I have this cousin who is One Smart Cookie, and who is also, for various reasons, interested in the subject of Asperger's Syndrome. We haven't talked about it much, but given that we're friends on Facebook, he sees my posts, and I see his.
He posted something today that, well, it was interesting. I'm not ready to share it with my own general public on Facebook. But I am very comfortable sharing it here, where I can give it some context.
The article, "Asperger's Syndrome Sex: Love's Outer Limits," was posted on CarnalNation.com. It's part one of a multi-part series.
And it's fascinating.
I can't speak for the other moms of tween Aspies. Mine is in middle school. He's learning about hygiene and puberty and how his body will change. And he's thinking about girls. He's asking about first kisses and why unmarried teens have babies and whether I have a boyfriend. (And no, those last two are not related topics.)
Sex and relationships are part and parcel of growing up, no less for him than for other kids his age. A lot of his coming of age will and should be private - i.e., not bloggable. But as his mom, I do have some thinking to do about how to talk to him about this stuff. And that thinking should be okay to share.
I don't know about other parents, but I want my kids - all three of them - to have healthy and fulfilling relationships. I don't care whether my kids are gay or straight or ambiguous, but I do care that they find a way to connect, a way to be loved, a way to get hugs and kisses and the fulfillment that comes from a loving physical relationship. I want them to be respected and respectful. To know themselves, their hearts and their bodies. To know what they need and be comfortable saying so. To know when to say no, and when to say yes. To make good and responsible choices.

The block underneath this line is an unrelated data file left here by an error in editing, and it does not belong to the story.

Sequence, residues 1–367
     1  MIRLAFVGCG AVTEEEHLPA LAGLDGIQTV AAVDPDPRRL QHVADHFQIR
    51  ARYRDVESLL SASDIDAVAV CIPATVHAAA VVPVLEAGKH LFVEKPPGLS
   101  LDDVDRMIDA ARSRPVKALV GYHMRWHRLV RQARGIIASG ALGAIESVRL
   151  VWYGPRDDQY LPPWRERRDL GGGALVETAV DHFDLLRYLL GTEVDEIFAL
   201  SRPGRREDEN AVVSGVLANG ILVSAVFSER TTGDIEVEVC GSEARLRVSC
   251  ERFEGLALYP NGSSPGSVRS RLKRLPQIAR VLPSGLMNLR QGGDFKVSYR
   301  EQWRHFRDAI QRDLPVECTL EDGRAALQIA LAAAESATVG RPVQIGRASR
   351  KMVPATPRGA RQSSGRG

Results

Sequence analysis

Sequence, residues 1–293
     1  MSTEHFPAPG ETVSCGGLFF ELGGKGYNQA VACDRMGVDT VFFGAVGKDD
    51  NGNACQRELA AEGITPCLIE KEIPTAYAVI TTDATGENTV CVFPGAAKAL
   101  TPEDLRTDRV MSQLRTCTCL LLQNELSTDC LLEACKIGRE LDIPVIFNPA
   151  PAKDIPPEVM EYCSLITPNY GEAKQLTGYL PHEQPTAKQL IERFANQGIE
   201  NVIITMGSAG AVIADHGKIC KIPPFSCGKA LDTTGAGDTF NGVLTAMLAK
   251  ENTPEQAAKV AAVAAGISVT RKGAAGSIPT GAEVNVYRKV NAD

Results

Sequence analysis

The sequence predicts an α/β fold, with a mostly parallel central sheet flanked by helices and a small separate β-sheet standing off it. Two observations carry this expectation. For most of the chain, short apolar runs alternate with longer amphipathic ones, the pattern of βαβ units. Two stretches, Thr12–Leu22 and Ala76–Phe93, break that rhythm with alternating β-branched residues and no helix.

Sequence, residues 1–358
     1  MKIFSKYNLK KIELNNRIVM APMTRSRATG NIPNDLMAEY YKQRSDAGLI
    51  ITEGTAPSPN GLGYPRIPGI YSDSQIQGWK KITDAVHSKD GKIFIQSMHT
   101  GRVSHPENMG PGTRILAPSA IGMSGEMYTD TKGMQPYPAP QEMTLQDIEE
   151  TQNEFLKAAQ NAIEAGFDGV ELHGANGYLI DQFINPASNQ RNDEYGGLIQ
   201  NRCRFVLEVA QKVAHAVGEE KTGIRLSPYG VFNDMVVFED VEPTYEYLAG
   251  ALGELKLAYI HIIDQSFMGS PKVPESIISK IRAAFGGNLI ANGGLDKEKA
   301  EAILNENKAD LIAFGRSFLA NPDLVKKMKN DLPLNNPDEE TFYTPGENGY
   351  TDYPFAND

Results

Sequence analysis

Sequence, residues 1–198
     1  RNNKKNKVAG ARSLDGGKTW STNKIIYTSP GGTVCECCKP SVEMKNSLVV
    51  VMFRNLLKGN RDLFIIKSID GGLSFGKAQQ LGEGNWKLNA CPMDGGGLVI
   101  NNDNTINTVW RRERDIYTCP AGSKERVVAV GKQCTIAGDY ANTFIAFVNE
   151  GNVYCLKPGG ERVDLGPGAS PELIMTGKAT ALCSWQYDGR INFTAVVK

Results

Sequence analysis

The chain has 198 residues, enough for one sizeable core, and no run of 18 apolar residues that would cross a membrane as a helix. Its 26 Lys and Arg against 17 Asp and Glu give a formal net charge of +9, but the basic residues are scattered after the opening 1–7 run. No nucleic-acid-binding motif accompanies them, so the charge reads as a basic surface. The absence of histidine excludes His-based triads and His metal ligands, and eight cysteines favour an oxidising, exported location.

And I've wondered how all of that might be different for my Aspie. Because it will be. Any interpersonal relationship works differently for him.
And it hurts me when I think that my Aspie, who already struggles so much to make friends, may struggle so much more to find love.
This article gives me a beginning, a place to start from when talking to him about this stuff. And I'm thinking I may forward it to the guidance counselor at his school, where there are eight other tweenage boys starting the same journey.
For the record? I had my first kiss at seven (apparently, so did my daughter ... the things you learn over breakfast!). And I successfully dodged the boyfriend question. The subject of teen pregnancy came up after the season finale of Glee. I told him that unmarried teens like Puck and Quinn have babies when they make poor choices. My older two then asked me what those poor choices were, and I said something like "it's called 'having sex'," and both of them promptly changed the subject. For which, I am thanking my lucky stars. And thinking madly about how to answer it when the subject comes up again.